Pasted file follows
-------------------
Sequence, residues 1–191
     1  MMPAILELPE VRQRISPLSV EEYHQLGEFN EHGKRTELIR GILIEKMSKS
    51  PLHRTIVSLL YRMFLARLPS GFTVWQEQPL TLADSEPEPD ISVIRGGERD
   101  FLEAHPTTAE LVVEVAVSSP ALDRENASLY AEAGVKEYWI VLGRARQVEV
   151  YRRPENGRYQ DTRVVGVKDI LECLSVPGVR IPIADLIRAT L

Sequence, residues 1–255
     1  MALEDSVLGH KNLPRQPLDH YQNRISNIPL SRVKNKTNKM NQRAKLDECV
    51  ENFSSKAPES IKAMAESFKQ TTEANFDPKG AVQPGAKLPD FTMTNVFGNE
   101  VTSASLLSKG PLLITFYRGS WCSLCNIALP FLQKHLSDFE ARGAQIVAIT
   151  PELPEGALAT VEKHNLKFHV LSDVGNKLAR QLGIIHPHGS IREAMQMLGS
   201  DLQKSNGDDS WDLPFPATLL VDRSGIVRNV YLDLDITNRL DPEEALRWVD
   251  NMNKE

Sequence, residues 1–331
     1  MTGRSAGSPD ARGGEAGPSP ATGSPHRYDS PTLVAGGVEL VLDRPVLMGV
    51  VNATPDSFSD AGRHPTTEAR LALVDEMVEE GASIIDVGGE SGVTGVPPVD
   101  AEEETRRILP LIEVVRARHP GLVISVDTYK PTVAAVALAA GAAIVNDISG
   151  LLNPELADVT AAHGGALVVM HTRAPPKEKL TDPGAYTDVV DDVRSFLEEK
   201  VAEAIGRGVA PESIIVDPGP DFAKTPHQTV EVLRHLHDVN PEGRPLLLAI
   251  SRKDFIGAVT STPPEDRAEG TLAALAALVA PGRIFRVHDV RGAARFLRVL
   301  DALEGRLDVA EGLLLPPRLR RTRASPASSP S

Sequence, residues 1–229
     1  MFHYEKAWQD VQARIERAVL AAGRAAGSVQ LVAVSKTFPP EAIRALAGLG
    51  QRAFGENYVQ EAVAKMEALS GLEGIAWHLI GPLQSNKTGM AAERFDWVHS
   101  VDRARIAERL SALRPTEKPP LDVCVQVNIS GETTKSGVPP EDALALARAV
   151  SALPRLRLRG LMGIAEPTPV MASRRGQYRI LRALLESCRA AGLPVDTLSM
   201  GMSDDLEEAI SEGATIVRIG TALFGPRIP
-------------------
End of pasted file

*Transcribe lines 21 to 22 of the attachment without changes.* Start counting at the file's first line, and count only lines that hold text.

Sequence, residues 1–229
     1  MFHYEKAWQD VQARIERAVL AAGRAAGSVQ LVAVSKTFPP EAIRALAGLG